On the academic need side, the answer is probably to provide full scholarships to those with clear academic merit, partial scholarships to those whose academic ability is probably sufficient to benefit but marginal, and to deny scholarships to those who lack academic merit.  Perhaps students with at least a two-thirds probability of graduating given their grades and test scores, who have no remedial course requirements would get full scholarships, students with a 50% to two-thirds chance of graduating and no more than one remedial course to take would get a two-third grant, one-third loan package, students with a one-third to 50% change of graduating or more than one remedial course to take would get a one-third grant, two-thirds loan package, and everyone else would qualify for aid only for sub-collegiate level continuing education rather than college degree programs.

On the financial need side, the answer is probably to err on the side of being generous, recognizing that the harm of underfunding a student who is therefore forced to drop out or not attend college in the first place is greater than the harm associated with rewarding academically able low to moderate income kids by providing them scholarships that are a bit more generous than they strictly need to get by.  Creating incentives can be just as worthwhile as meeting true economic needs.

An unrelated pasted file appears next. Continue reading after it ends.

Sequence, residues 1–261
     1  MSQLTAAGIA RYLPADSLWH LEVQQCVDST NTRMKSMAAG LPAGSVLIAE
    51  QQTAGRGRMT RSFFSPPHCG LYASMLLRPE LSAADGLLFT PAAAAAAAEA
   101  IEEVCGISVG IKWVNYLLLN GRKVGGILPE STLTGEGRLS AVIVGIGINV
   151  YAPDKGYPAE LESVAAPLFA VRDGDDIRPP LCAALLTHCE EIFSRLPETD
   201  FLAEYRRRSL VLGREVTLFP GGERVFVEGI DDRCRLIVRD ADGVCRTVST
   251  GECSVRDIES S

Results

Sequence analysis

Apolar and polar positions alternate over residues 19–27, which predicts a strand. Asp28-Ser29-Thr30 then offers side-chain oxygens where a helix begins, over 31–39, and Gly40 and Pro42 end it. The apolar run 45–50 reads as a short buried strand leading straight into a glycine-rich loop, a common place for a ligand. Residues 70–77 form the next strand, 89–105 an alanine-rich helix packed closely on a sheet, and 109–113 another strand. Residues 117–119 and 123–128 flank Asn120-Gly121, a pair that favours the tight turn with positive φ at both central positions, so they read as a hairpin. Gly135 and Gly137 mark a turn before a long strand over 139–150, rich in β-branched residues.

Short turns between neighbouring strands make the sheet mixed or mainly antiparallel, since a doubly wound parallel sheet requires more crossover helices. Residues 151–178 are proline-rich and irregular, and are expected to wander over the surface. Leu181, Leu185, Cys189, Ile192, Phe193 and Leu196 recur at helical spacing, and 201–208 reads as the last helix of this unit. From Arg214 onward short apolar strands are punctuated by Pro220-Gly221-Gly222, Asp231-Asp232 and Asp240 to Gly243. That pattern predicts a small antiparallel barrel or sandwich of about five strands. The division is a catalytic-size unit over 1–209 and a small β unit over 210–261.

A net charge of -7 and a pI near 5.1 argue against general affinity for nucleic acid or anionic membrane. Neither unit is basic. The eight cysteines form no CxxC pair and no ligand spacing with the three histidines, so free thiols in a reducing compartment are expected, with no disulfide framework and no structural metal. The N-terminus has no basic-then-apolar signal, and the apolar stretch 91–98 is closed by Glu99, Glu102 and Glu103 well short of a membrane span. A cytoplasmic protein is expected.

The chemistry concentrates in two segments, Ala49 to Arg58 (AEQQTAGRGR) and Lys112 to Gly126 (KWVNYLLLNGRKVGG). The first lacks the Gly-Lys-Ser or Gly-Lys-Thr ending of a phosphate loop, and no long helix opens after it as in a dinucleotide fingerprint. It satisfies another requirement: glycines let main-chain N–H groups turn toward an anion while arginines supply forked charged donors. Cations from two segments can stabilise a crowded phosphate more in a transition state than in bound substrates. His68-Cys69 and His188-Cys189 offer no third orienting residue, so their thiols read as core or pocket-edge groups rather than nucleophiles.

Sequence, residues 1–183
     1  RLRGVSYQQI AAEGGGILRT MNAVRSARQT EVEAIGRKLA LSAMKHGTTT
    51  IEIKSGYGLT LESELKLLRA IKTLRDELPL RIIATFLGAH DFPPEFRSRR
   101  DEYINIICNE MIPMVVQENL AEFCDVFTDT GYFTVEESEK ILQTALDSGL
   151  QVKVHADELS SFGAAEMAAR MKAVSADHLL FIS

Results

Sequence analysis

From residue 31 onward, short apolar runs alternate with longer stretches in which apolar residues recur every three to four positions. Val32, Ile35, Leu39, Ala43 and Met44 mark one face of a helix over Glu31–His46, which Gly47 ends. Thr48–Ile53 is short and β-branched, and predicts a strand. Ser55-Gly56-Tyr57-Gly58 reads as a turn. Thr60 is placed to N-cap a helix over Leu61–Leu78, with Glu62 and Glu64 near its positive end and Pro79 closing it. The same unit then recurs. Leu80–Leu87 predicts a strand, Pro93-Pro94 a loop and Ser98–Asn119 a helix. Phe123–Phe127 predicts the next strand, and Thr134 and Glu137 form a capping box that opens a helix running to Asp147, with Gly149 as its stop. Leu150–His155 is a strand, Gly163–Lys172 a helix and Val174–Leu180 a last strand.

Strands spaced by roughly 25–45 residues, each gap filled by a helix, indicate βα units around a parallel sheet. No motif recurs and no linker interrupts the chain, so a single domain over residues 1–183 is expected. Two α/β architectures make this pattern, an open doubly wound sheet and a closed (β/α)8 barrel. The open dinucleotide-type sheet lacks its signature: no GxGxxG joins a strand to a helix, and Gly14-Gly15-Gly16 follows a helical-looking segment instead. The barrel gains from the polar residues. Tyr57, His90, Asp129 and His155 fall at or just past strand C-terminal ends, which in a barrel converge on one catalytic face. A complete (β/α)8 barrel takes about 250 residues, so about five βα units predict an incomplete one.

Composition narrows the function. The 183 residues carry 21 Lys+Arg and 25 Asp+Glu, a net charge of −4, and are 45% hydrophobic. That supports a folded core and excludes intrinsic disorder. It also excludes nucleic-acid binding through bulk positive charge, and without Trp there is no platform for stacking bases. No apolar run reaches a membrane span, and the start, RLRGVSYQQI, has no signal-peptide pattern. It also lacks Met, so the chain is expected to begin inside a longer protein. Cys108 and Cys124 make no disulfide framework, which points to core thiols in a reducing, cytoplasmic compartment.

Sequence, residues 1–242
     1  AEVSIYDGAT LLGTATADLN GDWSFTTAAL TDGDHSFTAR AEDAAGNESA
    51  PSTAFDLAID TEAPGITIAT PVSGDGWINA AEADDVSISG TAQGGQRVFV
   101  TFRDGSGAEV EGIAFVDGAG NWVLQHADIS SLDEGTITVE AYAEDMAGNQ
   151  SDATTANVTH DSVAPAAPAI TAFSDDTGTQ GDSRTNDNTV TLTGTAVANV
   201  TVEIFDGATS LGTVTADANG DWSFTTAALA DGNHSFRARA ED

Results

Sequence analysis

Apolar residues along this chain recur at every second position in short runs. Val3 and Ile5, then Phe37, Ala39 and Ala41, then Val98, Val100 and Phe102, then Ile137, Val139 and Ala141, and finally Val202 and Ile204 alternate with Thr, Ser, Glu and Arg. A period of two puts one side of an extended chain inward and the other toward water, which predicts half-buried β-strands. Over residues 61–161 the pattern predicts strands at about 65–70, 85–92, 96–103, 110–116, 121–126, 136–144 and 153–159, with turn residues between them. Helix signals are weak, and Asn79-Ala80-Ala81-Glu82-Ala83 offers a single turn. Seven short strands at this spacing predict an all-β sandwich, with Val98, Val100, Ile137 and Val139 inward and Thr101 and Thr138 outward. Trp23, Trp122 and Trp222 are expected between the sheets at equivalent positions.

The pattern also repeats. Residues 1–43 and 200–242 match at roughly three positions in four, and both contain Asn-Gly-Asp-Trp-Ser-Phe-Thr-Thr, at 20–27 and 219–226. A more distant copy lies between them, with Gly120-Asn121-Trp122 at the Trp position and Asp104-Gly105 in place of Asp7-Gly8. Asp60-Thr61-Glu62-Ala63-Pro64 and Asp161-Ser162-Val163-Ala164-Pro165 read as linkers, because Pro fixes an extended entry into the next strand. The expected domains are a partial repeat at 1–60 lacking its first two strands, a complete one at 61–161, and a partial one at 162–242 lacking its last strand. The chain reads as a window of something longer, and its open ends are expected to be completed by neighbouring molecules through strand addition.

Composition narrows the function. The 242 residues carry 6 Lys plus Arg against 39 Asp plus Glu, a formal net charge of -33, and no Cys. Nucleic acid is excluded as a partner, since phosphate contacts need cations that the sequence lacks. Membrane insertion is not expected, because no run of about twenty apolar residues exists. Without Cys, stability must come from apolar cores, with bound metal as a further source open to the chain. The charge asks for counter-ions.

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High Noon: Frack task force fail, immigrant drivers licenses cont’d, net neutrality

Susan Greene: Good morning High Nooners. Greetings from Colo Indy HQ. Thank you Dan Haley and Jon Caldara for joining us this lunch hour. Are you locked and loaded?

Hick’s oil and gas task force (wouldn’t you love to be on a task force some day? it’s so much better than a committee, even a blue ribbon committee) has come out with its recommendations. What do you make of them? Will they go anywhere or nowhere?

Dan Haley: Loaded. It’s noon after all.